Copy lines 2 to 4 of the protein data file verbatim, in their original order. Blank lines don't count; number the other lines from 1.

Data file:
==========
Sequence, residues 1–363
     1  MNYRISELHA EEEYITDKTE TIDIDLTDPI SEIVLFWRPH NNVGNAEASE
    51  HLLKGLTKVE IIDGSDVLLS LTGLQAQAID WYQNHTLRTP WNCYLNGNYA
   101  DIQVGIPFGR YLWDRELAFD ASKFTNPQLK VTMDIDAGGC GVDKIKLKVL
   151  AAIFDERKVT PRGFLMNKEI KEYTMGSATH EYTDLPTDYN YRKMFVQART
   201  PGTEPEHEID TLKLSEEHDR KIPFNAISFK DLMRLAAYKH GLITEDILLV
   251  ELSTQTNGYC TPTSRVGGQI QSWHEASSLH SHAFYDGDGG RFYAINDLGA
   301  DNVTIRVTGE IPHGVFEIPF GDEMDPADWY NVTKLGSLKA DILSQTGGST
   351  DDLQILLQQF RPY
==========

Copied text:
     1  MNYRISELHA EEEYITDKTE TIDIDLTDPI SEIVLFWRPH NNVGNAEASE
    51  HLLKGLTKVE IIDGSDVLLS LTGLQAQAID WYQNHTLRTP WNCYLNGNYA
   101  DIQVGIPFGR YLWDRELAFD ASKFTNPQLK VTMDIDAGGC GVDKIKLKVL